Adams Papers

Thomas Boylston Adams to Abigail Adams, 17 November 1793

Thomas Boylston Adams to Abigail Adams

Woodbury Nov: 17th: 93

My dear Mother

Your favor of the 28th: Octr: has been received, & as I omited writing by the last Post, I will defer it no longer, lest, your fears should again be excited on my account.1 If I felt the same degree of alarm that appears to have taken hold of the People at a distance from Philadelphia, the proposal you were kind enough to make me of passing the Winter with you would probably be accepted, but from a full conviction that I can reside in Pennsylvania with perfect security, I think it most prudent to decline the invitation. If it should be unsafe to remain in Philadelphia, I can take up my residence in some of the interior Towns, where I shall have an opportunity of attending the County Courts, & forming an acquaintance which may be useful to me hereafter. But the City itself is at present perfectly free from the contagion, & I see no reason to apprehend a fresh eruption of the disease—besides the old saying of “Nothing venture, nothing have” is so deeply impressed upon my mind at present, that I would not hesitate to run some risque if there were a prospect of introducing myself into professional business by it. So far as my observations of life extend, I am convinced that there never was a Man of Eminence in the world, that was not indebted in some degree, for his fame to what is commonly termed fortune or accident. This is perhaps more frequently the case with Military than litterary characters, in one respect, viz. their continual exposure to danger & death. Their reputation is well earned no doubt, & is rather extorted from mankind as a just debt, than confered gratuitously. But I will not at this time descant upon a subject which can bear very little analogy to that which introduced it. All I wish to enforce by it is, that I could justify to my own mind, a remote hazard of my life, provided the occasion was sufficiently important to myself or others, to warrant the trial. I have been nearly Ten Weeks out of the City, and have met with some interruption in my studdies, but I shall make application for admission to the Bar soon after my return to the City. Mr Ingersoll returned last week, and expects me to attend the Office to assist him ‘till my admission, & as Dr Rush assured me I might return with perfect security, I shall not disappoint my Master. There is a certainty that much law business must be done this Winter and I dont see why I should be excluded from a share of the Loaves & Fishes, tho’ it may be a very small proportion.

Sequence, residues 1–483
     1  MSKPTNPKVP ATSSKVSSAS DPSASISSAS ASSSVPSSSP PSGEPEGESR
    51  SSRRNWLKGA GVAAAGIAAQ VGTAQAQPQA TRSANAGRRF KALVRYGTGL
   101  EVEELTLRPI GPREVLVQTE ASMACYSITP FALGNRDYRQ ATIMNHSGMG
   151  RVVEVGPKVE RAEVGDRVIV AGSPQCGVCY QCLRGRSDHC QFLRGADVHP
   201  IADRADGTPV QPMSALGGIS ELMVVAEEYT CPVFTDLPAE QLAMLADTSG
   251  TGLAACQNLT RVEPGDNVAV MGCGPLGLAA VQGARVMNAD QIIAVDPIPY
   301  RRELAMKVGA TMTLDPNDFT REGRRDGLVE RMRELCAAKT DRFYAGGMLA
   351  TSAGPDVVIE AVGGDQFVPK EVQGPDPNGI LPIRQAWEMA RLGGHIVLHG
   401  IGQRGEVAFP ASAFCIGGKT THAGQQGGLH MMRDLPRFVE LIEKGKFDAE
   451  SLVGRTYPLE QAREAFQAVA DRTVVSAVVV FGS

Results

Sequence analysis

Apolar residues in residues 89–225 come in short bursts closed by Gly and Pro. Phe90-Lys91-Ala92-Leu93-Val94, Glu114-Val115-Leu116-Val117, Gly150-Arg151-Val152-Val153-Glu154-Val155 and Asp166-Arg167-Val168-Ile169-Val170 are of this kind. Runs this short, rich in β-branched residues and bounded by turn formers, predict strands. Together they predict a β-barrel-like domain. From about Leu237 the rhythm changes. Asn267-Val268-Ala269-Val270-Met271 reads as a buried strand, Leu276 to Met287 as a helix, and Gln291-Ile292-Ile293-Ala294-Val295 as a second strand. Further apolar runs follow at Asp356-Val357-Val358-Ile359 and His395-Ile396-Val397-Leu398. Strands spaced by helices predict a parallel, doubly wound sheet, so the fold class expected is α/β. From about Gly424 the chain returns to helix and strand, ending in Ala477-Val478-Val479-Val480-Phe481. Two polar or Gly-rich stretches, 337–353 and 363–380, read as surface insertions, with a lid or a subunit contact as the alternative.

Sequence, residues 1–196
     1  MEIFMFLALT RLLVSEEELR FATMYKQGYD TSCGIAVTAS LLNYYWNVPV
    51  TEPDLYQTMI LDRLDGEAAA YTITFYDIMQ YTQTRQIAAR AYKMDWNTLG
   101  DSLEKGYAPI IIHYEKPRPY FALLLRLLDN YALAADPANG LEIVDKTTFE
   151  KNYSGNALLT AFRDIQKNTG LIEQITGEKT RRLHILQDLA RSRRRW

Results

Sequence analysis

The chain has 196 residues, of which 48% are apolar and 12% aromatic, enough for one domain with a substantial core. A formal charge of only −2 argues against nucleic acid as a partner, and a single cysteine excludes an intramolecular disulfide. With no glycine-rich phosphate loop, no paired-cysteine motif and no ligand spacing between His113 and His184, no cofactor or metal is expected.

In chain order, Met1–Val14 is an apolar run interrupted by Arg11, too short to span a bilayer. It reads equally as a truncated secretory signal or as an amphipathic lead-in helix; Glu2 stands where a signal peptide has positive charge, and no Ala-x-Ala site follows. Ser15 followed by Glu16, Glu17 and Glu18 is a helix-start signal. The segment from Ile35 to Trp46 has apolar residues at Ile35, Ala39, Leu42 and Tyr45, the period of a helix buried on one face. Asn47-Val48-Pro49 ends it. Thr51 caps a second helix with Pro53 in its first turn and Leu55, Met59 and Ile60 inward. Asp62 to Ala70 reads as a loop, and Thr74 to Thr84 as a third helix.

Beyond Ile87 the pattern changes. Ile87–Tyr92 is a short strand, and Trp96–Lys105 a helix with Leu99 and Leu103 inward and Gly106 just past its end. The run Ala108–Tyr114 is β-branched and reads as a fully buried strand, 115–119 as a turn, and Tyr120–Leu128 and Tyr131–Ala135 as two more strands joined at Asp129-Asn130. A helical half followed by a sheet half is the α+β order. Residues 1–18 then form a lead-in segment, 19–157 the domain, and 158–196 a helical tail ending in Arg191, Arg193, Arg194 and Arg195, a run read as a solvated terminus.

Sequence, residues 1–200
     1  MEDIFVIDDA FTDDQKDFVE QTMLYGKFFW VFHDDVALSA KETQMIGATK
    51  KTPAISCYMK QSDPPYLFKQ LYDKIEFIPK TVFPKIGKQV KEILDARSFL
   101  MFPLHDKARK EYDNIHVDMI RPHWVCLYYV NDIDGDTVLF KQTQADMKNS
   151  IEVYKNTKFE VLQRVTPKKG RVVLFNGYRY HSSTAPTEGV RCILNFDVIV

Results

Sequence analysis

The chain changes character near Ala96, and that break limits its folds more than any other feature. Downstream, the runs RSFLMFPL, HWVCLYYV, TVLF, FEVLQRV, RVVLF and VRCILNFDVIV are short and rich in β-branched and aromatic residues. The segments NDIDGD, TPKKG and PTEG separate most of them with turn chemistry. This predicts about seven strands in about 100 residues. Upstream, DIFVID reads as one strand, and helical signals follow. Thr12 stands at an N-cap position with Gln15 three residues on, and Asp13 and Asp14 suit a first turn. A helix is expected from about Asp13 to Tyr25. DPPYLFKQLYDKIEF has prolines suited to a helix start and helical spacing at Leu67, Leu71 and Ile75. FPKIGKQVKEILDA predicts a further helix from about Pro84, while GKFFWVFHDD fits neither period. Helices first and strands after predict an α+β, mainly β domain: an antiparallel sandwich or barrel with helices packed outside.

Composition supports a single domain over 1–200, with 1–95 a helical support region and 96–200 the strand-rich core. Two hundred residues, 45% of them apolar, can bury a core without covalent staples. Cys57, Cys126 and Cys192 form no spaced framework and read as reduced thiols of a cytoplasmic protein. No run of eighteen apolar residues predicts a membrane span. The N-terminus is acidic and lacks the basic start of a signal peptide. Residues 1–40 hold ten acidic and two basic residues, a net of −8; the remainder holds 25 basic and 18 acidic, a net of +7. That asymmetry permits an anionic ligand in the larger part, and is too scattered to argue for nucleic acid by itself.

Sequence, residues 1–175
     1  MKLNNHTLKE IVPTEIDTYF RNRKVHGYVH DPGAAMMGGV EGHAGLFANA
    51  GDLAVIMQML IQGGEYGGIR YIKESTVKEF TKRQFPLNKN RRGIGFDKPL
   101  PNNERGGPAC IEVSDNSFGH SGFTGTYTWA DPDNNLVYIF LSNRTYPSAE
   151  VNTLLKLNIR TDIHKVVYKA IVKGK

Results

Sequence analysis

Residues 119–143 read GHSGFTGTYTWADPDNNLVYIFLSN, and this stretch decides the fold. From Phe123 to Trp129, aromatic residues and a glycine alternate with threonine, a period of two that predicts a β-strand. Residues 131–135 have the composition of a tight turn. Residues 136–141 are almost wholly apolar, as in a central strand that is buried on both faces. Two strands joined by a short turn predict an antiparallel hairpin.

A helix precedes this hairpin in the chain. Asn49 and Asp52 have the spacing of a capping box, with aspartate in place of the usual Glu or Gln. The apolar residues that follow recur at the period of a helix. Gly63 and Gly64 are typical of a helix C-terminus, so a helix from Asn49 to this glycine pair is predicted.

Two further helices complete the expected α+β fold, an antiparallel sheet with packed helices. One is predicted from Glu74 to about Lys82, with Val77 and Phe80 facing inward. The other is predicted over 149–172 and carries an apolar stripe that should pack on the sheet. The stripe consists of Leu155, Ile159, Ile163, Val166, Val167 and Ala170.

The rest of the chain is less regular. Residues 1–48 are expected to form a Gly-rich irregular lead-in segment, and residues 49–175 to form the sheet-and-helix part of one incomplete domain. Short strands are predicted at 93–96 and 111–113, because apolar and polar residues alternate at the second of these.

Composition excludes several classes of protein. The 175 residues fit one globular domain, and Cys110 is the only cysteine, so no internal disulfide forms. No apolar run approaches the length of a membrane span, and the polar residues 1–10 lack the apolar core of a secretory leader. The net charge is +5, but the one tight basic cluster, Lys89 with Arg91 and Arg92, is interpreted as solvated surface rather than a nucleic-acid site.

Business of every kind is lively in Philadelphia, & most of the Citizens have returned. The Air which when I left it was extremely offensive in every part of the City, is now perfectly pure. We have lately had several heavy rains & some snow, & there is no doubt but we shall have a severe winter. The price of wood is high at present, but this is owing to the want of intercourse not to the scarcity, for there are thousand of Cords now lying on the Banks of the Creeks in this County, ready for transportation.

I have heared but once from my Sister since [her] return to New York—2 She wrote me by a Lady [who] lives in this town & was on a visit to NewYork but unfortunately the Trunk which contain[ed] my letter’s was left on the Road & has not yet been forwarded.

Presenting my best love to all the Family / I remain / your Son

Thomas B Adams

PS, Please to send my Boots round by Water, as I am in great want of them. The Schooner Neptune, Captn: Cheesman, is in the employ of JD Blanchard at Philada and will sa[il from] Boston in a week or two. Mr [Bris]ler may hear of her by applying at No 10. L Wharf & may send my Boots round by her3 your next letters may be directed to me at Philada:

RC (Adams Papers); addressed: “Mrs: Abigail Adams / Quincy / near Boston”; internal address: “Mrs: Abigail Adams”; endorsed: “Thomas Letter / Novbr 10. / 1793.” Some loss of text where the seal was removed.

1Not found.

2Not found.

3The middle two sentences of the postscript were written sideways along the margin of the page and marked for insertion at this point.

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